Dividend Increase | Deere & Company (DE)

Dividend | Dividend Growth | Financial Independence | Freedom | Passive Income
Getting a pay raise while sitting on the couch?  Sign me up!  Thanks Deere for the dividend increase!

There's an old Chinese proverb that says "the best time to plant a tree was 20 years ago, the next best time is now".  The reason for this is that it takes time for a tree to grow and prosper and for you to start reaping its benefits.  Dividend growth investing is much the same way.  It takes consistent saving and investing as well as time and patience to let the power of dividend growth take hold.

That's why one of my favorite things is when one of the companies I own decides to pay out more in dividends.  You mean I get a pay raise just for owning a small piece of a company?  Not going and doing R&D for new products or technology.  Not selling any products.  Not managing any employees or inventory.  Not making sales calls.  All I had to do was have the foresight to invest some of my savings in excellent companies.  

On February 24th the Board of Directors at Deere & Company (DE) approved an increase in the quarterly dividend payment from $0.76 up to $0.90.  That's a huge 18.4% raise.  Deere & Company currently has a 1 year streak of dividend growth but haven't cut the dividend since initiating one in 1992.  Shares currently yield 1.00% based on the new annualized payout.

The new dividend will be payable May 10th to shareholders of record as of March 31st.

Since I own 60.257 shares of Deere in my FI Portfolio, this raise increased my forward 12-month dividends by $33.74.  This is just the 3rd dividend increase Deere after initiating a position in 2014.  Total organic dividend growth over that time is still a solid 50.0%.

A full screen version of this chart can be found here.

Deere's dividend growth history isn't the cleanest among dividend growth companies with multiple years of pauses in dividend growth.  For some companies I'd be more concerned about that but given that they are a fairly cyclical business and management has typically been pretty candid about it I'm willing to give them more leeway than other businesses.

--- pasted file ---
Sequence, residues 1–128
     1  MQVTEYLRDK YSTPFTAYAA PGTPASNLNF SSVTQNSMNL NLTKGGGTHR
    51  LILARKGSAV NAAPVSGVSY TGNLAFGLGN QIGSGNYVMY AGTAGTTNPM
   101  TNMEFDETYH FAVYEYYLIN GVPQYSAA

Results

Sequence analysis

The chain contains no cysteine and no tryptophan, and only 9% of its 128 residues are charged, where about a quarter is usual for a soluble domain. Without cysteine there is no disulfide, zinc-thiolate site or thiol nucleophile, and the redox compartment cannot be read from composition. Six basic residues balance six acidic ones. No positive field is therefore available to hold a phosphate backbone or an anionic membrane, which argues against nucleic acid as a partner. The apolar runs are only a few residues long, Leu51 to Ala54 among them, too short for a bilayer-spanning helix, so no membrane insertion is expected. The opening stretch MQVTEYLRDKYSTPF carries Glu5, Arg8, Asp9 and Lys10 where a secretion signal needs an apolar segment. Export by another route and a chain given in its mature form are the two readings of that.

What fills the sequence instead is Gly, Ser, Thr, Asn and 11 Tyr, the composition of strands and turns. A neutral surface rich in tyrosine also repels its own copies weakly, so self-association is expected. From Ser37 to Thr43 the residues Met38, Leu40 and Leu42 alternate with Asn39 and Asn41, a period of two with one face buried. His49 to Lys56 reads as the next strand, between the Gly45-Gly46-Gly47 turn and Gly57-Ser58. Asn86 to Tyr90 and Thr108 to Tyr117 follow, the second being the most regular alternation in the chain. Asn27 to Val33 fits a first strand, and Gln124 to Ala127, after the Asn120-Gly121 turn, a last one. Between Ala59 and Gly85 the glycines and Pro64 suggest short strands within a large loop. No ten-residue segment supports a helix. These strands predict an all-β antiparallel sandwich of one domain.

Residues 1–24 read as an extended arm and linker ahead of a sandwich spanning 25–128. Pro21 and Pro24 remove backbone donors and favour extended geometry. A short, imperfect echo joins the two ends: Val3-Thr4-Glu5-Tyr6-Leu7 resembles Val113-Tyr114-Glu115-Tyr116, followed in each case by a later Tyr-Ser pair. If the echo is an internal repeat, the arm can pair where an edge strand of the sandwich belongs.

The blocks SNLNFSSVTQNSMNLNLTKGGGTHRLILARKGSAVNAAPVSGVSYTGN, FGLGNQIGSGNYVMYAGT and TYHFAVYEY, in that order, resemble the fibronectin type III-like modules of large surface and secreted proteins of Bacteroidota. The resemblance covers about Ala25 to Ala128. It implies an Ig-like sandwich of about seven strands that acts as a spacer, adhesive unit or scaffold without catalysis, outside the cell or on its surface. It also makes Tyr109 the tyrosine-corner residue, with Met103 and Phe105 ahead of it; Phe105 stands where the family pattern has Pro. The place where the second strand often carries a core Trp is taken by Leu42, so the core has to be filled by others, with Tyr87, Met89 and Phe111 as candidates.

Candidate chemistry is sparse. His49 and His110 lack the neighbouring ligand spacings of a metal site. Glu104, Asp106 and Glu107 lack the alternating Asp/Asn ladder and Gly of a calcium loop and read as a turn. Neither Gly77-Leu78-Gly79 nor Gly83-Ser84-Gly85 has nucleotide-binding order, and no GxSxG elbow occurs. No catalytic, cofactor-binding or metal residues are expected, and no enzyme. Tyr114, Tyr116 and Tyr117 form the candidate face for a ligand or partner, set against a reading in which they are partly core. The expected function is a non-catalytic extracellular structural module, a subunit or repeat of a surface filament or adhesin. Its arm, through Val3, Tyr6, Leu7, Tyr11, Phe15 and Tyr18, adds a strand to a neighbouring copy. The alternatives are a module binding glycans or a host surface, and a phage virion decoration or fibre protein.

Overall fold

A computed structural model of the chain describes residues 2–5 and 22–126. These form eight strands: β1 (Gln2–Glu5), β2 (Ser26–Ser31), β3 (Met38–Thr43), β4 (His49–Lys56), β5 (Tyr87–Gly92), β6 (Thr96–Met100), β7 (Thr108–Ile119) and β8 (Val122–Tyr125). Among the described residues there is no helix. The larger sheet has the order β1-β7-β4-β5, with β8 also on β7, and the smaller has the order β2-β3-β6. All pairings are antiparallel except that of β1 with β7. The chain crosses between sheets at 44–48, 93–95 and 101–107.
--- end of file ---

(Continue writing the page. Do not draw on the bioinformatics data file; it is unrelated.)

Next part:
Dating back to 1992 there's been 25 rolling 5-year periods with Deere's annualized dividend growth ranging from 0.0% to 37.5% with an average of 10.2% and a median of 8.5%.

Over that same time there's been 20 rolling 10-year periods with annualized dividend growth ranging from 2.8% to 18.1% with an average of 10.6% and a median of 9.8%.

The 1-, 3-, 5- and 10-year rolling dividend growth rates since 1993 can be found in the following chart.  

A full screen version of this chart can be found here.

For dividend yield theory I consider the fair value range to be the forward dividend yield +/- 10% compared to the 5 year moving average, the under/over value area to be to between 10%-20% deviation from the average and significant over/under value are greater than a 20% deviation from the average.

A full screen version of this chart can be found here.

Deere's 5-year average forward dividend yield is 1.99% which corresponds to a share price of $181 based on the new annualized payout.  

I consider the fair value range based on dividend yield theory to be the 5-year moving average yield +/- 10%.  That gives a fair value range of $165 - $201 and suggests that Deere is trading well above the fair value range.

Wrap Up

This raise increased my forward dividends by $33.74 with zero effort on my part.  That's right, absolutely nothing to contribute to their operations.  Based on my FI Portfolio's current yield of 2.41% this raise is like I invested an extra $1,402 in capital.  Except that I didn't!  One of the companies I own just decided to send more cash my way. 

That's how you can eventually reach the crossover point where your dividends received exceed your expenses.  That's DIVIDEND GROWTH INVESTING AT WORK!  The beauty of the dividend growth investing strategy is that you build up your dividends through fresh capital investment as well dividend increases from the companies you own.

I've now received 14 raises from the companies in my FI Portfolio increasing my forward-12 month dividends by $131.01.

My FI Portfolio's forward-12 month dividends are $7,874.01  Including my FolioFirst portfolio's forward dividends of $109.72 brings my total taxable accounts dividends to $7,983.73.  My Roth IRA's forward 12-month dividends are $704.76.  My Rollover IRA's forward dividends are $3,447.70.  Across all accounts I can expect to receive $12,136.19 in dividends over the next year.

I've also started compiling dividend data on many of the companies that I own or would like to own.  Deere & Company's can be found here which includes the dividend history (as far back as I can find without spending hours hunting it down), rolling dividend growth rates and dividend yield theory.  To see other companies that I've already gathered the data on you can check out the Dividend Companies page.  Check it out and let me know what you think.

Do you own shares of Deere & Company?  How do you handle freezes to dividend growth?  Case by case or no raise and it's gone?

Please share your thoughts below.


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